Hey everyone. I know it's been an exceedingly long time since my last post, and I'm eager to get back into the swing of things with regular, daily, and hopefully a few times a day ruminations and breaking news about the newsy things happening here in the Silicon Valley. I've been out of the office for a time, and almost overwhelmed with the amount of news in the technology world these last few weeks that, if you can believe it, has afforded me next to no time whatsoever to update my blog. I hope you caught my exclusive video interviews this week with U.S. Patent and Trademark Office Director Jon Dudas, and Verisign CEO Stratton Sclavos (see below). Anyhow, my apologies, the blog begins anew now.
To that end, Thursday will be a big day in the technology world thanks to earnings from Dell after the bell. To say these have been trying times for what once was the world's largest PC maker is an understatement of gargantuan proportions. The company is expected to report 29 cents on $14.88 Billion in revenue for its fiscal fourth quarter, based on Thompson Financial. But the numbers are the easy part.
Far more attention will be paid to the company's conference call, which this time around, will not feature former CEO Kevin Rollins who was dismissed from the company January 31. Instead, Michael Dell is expected to be on the call with his new CFO Donald Carty, who used to run American Airlines parent AMR . Not to mention the additions of Michael Cannon, Solectron's former CEO who will now run Dell's worldwide manufacturing; and Ron Garriques who some saw as Ed Zander's heir apparent at Motorola .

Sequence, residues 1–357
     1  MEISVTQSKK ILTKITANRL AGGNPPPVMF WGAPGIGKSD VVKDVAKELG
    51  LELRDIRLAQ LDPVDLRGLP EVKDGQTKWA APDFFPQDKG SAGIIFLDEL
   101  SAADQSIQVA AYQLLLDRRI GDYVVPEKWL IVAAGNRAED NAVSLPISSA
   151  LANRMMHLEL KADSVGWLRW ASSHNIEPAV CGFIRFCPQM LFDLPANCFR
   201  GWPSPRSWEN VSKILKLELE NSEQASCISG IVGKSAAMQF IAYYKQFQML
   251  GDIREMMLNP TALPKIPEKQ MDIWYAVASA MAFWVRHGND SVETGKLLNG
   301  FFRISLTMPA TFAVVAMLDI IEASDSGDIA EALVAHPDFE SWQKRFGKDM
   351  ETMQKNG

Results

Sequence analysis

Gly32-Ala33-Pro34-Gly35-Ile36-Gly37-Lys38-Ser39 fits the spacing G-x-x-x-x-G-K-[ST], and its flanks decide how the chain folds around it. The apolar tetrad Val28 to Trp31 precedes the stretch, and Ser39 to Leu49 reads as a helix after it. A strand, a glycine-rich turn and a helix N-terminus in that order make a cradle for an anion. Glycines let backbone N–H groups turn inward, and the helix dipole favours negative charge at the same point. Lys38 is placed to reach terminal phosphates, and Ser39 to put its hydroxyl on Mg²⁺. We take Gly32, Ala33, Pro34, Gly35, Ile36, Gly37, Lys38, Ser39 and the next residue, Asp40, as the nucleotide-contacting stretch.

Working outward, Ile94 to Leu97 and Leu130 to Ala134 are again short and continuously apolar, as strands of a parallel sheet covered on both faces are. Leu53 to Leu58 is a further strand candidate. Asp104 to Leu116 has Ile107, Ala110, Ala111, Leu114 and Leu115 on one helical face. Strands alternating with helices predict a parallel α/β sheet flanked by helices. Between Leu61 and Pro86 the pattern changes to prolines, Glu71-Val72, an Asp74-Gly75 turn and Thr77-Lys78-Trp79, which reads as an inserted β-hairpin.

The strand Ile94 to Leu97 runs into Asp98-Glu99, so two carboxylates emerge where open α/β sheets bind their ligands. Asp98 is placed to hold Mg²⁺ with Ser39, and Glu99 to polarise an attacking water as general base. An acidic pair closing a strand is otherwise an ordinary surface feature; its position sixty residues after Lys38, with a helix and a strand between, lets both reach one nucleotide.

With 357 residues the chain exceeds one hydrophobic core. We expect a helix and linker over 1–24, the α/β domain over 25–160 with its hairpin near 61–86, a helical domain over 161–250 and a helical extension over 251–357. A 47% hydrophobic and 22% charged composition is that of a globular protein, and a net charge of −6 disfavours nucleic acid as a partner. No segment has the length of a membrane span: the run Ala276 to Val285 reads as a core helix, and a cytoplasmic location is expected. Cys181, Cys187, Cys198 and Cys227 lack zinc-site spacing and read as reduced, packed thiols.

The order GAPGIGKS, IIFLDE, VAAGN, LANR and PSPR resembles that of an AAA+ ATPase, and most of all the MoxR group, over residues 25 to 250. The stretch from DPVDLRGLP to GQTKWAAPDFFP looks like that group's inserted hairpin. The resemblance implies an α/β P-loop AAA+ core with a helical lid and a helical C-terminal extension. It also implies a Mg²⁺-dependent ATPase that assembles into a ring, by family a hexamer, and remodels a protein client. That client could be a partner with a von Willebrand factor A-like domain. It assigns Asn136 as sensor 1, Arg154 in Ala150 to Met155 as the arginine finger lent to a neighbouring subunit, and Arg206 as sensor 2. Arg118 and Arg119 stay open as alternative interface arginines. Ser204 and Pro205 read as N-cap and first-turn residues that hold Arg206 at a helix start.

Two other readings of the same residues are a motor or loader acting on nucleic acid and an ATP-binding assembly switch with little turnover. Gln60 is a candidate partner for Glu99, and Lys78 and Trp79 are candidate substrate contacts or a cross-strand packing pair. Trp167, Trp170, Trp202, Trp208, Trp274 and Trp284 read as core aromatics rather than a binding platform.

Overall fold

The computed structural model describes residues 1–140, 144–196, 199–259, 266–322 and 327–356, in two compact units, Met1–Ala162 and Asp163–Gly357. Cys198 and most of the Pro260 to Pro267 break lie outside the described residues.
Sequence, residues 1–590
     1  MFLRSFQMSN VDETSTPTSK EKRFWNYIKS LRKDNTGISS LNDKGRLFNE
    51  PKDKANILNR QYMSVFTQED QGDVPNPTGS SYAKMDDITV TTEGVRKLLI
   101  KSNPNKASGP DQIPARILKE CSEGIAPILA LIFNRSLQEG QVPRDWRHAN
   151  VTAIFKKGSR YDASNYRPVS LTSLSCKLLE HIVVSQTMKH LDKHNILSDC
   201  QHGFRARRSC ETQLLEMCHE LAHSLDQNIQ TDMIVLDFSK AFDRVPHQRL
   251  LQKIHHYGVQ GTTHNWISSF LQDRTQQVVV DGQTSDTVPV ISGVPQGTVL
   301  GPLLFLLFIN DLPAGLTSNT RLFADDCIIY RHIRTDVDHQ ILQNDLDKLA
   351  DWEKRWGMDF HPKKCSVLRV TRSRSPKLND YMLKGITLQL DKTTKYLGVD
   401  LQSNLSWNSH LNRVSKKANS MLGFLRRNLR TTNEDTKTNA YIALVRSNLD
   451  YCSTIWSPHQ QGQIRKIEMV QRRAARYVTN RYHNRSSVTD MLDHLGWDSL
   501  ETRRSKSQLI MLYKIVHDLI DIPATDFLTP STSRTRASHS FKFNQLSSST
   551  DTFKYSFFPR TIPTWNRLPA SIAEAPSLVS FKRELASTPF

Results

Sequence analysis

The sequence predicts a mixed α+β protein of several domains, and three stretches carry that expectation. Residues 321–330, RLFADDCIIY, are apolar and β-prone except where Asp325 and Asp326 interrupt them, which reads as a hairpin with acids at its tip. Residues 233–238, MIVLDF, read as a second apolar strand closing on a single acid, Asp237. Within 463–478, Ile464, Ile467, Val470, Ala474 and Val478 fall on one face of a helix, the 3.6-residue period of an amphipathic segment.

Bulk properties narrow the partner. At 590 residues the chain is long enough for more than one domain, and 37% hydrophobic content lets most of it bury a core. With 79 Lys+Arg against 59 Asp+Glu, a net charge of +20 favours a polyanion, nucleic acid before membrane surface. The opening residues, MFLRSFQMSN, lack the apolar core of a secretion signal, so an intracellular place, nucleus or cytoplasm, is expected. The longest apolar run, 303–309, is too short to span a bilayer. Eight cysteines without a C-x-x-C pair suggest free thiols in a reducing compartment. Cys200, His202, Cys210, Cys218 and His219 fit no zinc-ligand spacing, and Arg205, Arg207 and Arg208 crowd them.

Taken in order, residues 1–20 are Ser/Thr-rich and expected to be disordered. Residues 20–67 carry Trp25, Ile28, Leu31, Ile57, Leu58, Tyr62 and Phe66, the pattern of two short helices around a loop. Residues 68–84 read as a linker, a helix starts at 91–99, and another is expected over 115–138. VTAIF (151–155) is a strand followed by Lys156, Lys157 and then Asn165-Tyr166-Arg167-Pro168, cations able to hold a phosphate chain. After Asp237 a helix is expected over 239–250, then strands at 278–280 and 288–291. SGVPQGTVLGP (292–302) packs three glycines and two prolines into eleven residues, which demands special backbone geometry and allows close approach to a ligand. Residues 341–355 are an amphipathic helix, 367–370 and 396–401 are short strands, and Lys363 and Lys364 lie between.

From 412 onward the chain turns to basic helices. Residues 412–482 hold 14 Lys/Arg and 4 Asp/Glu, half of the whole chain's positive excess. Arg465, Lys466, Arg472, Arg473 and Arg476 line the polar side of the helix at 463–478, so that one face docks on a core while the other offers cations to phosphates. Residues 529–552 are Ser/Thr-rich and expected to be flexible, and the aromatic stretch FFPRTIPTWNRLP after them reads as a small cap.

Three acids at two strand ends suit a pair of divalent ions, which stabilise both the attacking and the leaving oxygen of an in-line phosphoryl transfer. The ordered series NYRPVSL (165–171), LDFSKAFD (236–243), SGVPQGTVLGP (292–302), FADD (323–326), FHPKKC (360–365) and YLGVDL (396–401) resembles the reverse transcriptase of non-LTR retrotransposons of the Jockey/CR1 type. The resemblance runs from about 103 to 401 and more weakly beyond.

Lots of changes in the hallowed executive halls of Dell, where Dell himself and Rollins used to share a cube. Dell's making a slew of management changes to show that his company is more than merely a cozy relationship between founder and CEO that ultimately crashed and burned after series of embarrassing financial and quality control issues that dogged the company into Wall Street damnation last year.
The stakes this time around are huge. Monumental. The company continues to lose ground against rival Hewlett-Packard , which has mostly kept the blustery competitive rhetoric to itself, even though it has plenty to crow about. And Dell's numbers will likely send a ripple through HP, Intel, AMD and Microsoft.
The bigger problems for Dell the company and Dell the returning CEO: Addressing a federal
investigation into past accounting practices that could ensnare chip supplier Intel Corp . and the two companies' marketing and advertising relationships. Deals that were sealed during Rollins' tenure and something Michael Dell will be forced to clean up.
Dell's relationship with the Street remains tenuous. Some remain cautiously optimistic, but that's about as good as it gets for the beleaguered company. Others, like ThinkEquity's Eric Ross, say any meaningful turnaround, if one were to actually happen, is still several quarters away. And that's only if Michael Dell can somehow harness the "vision thing" that Steve Jobs has always been so good at.
To borrow a Lloyd Bentsen line: I know Steve Jobs. I've interviewed Steve Jobs. Steve Jobs is one of the world's great masterful marketers (suffering his own problems, mind you). Michael Dell is no Steve Jobs. And that's too bad. Because it will take a master marketer to re-ignite some sense of excitement for the folks at Dell. Don't underestimate just how difficult a proposition that truly is.
Dell shares have been flat this past quarter as investors wonder what to do next. The hope is that Dell the man knows what to do next to rebuild the company he built in the first place. We'll get the first hints of that strategy during the highly anticipated conference call after the bell later on Thursday.
Questions? Comments? TechCheck@cnbc.com